A lack of staffing and resources also led to some health departments prioritizing syphilis and gonorrhea treatment over chlamydia treatments. This likely contributed to the drop in reported chlamydia cases.
While syphilis and gonorrhea cases dropped at the beginning of the pandemic, cases sharply increased throughout the rest of 2020. By the end of the year, reported syphilis cases increased by 7%, and reported gonorrhea cases increased by 10%.
A few factors may have caused this trend. As healthcare clinics reopened, more people may have gotten regular STD testing done. In addition, syphilis and gonorrhea can cause visible symptoms, which may have driven symptomatic people to get tested, leading to increased reported cases. Lastly, these increased rates may simply reflect the sexual activity of people throughout the pandemic.
The observed downward trend of STI and STD reporting during the COVID-19 pandemic does not mean sexually transmitted diseases are going away. The opposite is true. Before the pandemic began, sexually transmitted infection rates were at a record high. The lack of testing and reporting opportunities throughout the pandemic means that an unknown amount of STI transmission went unreported. This will only lead to increased STI rates in the future.
Regular testing is essential to the prevention of sexually transmitted diseases. Because many STDs do not cause symptoms, you can have and spread a sexually transmitted disease without knowing it. Getting a routine STD test can ensure that you are having safe sex and prevent the development of an STD.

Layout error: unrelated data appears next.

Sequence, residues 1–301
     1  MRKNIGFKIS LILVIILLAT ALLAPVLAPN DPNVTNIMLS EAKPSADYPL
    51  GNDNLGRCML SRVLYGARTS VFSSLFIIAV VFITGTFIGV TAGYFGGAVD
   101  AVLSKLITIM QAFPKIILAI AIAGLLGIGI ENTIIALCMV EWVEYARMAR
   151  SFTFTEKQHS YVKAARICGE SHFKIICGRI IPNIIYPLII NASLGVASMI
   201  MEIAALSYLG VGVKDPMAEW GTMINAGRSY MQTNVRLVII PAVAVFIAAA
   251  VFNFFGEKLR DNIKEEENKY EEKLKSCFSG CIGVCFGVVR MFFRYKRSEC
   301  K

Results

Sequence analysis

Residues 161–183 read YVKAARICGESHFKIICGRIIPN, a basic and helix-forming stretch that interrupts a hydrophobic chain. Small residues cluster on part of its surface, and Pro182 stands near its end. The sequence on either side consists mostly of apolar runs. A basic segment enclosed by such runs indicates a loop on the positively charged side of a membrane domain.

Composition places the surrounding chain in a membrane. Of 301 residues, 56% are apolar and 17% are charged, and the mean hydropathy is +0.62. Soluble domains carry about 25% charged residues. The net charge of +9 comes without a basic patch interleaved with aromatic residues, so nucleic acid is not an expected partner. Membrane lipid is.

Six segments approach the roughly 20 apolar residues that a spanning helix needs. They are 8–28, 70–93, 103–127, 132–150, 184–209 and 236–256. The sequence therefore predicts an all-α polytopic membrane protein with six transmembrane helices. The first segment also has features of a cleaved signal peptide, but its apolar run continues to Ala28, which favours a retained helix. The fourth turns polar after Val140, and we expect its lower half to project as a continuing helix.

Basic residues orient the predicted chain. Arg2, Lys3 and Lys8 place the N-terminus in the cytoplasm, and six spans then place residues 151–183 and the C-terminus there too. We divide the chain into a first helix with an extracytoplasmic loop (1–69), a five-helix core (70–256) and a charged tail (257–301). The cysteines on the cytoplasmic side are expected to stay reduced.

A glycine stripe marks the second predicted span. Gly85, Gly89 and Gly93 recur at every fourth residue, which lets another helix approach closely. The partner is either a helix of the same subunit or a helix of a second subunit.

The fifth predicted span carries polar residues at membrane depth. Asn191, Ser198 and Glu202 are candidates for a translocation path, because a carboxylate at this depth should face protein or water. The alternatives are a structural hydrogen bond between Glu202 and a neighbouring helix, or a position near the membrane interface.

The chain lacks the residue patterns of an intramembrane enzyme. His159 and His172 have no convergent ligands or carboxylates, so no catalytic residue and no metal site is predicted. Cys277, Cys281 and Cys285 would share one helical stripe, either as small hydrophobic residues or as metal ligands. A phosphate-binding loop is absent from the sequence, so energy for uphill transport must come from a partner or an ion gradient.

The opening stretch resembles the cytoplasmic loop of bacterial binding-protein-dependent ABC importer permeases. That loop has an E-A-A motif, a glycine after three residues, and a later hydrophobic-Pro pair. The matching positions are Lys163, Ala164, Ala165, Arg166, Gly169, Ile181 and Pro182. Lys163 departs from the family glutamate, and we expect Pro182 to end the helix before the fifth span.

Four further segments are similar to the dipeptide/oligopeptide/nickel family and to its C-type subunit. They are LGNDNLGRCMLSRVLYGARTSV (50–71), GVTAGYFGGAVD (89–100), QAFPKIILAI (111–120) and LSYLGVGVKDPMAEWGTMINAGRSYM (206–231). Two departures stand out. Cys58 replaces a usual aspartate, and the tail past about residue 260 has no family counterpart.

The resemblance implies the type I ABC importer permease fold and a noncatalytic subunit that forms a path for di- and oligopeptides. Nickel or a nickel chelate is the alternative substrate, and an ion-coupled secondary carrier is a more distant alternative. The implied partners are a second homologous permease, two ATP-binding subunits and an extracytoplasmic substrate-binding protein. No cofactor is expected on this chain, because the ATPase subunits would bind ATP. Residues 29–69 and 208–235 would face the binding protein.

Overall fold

In recent years, dating apps have influenced dating and hookup culture, allowing people to widen their social circle and connect with a larger range of people. Dating apps were significantly influential throughout the pandemic, as many people turned online to connect with others while self-isolating at home.
Since dating apps play such a prominent role in hookup culture, they should also promote safe sex practices, including encouraging routine STD testing. While some dating app companies have taken steps to raise awareness of sexual health, more work needs to be done. Ways that dating apps could contribute to sexual health awareness include:
- Sending users regular STD testing reminders
- Alerting users of STD outbreaks in their area
- Creating a space where users can inform former partners that they have potentially contracted an infection
- Having a feature that discloses whether or not a user has an STD
COVID-19 disrupted the testing and reporting of sexually transmitted diseases, particularly gonorrhea, chlamydia, and syphilis. Many new STD infections likely went unreported, leading to an increased spread of certain diseases. As more healthcare services become accessible, it is essential to get routine STD testing done. Doing so could prevent complications of an STD from developing and slow the spread of STDs.